5-2-1-0: Preventing Childhood Obesity In The Early Years

Habits Start Forming In Early Childhood

Healthy apple, healthy me!
Healthy apple, healthy me!

What do juice boxes, toy-fortified kid meals, chocolate-covered granola bars, and single-serving sugar-bomb cereals hawked by cartoon characters have in common?  These “grab and go” foods have little nutritional value and are directly marketed to young children.  Many parents appreciate quick, easy foods children will eat without a fuss.

Unfortunately, while convenient, this kind of sugary, junky food is one culprit contributing to today’s childhood obesity predicament.

Other factors include:  not enough fruits and vegetables, too many sugar-sweetened drinks, too much sedentary time in front of TV and other media, and not enough physical activity.

Won’t Most Children “Grow Out Of” Childhood Obesity?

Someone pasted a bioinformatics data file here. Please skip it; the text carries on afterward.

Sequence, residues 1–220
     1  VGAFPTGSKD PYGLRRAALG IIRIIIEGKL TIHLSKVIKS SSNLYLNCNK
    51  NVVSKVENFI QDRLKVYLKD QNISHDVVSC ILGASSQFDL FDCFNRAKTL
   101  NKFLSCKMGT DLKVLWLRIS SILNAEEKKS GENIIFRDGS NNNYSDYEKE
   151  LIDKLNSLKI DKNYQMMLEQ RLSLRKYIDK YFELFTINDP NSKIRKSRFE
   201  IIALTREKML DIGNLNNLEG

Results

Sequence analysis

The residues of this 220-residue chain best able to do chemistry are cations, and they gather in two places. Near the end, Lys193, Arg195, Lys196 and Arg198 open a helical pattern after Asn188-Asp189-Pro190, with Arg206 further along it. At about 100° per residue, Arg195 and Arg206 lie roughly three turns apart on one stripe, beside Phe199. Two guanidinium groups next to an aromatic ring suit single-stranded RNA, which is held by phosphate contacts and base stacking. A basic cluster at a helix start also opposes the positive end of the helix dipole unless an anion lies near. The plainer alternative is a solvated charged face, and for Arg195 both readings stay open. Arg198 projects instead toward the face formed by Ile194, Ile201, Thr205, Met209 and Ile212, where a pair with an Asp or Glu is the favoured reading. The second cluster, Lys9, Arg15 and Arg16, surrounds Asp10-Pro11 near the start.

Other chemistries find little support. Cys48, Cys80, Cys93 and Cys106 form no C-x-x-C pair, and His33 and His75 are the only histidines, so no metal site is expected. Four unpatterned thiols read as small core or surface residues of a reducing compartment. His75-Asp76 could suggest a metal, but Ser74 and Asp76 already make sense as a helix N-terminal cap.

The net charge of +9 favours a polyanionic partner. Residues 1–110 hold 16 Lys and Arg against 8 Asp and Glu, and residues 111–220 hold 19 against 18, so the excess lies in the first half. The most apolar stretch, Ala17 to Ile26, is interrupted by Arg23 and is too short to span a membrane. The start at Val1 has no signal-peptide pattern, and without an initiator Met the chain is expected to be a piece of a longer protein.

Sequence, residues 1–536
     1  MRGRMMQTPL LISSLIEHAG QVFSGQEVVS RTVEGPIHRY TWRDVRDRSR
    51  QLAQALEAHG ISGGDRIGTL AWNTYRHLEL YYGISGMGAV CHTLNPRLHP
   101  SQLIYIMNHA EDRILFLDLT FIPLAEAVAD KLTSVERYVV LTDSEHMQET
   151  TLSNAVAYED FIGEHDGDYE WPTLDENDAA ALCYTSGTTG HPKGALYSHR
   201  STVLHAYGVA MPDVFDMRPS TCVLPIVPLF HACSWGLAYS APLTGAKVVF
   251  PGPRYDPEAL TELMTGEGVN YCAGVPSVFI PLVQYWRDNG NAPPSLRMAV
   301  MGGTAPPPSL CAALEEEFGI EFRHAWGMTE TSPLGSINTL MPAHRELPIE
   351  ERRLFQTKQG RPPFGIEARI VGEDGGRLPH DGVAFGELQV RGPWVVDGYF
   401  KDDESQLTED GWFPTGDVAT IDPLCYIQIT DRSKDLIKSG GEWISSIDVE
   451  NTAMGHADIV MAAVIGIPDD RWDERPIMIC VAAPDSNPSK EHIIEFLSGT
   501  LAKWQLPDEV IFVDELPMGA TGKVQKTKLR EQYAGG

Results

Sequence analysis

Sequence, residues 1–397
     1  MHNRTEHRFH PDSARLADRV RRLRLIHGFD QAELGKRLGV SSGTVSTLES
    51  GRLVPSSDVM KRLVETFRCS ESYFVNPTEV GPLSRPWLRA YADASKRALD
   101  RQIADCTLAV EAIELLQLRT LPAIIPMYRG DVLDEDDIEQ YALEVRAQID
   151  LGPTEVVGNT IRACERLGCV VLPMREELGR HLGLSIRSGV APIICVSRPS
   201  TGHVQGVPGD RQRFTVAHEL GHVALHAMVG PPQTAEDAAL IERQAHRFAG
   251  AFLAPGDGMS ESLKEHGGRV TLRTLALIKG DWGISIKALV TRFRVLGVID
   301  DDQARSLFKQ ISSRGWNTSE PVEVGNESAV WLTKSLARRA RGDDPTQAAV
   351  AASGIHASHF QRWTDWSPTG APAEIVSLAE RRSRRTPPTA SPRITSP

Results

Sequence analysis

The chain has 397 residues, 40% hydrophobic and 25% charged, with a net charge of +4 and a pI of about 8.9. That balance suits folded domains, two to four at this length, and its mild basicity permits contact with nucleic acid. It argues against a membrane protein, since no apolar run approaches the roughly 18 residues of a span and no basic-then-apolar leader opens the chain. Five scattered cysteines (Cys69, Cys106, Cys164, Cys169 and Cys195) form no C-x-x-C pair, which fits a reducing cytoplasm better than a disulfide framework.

Twenty-three million (one in three) American children are overweight or obese.  We used to believe that overweight children had “baby fat” they would naturally grow out of. We now know that when a young child becomes overweight or obese it is usually very difficult for them to reach and maintain a normal weight.  Half of all children who are obese at age six will be obese in adulthood, continuing to face health and other challenges.

According to Robert Wood Johnson’s childhood obesity researchers, today’s children could be the first generation to “live sicker and die younger” than their parents because of childhood obesity.

Overweight or obese children are at higher risk for heart disease, stroke, diabetes, cancer, and other health problems in their childhood years and in adulthood.  They feel more stressed and anxious than healthy-weight peers and miss more school.

Early Childhood May Be Key To Preventing Obesity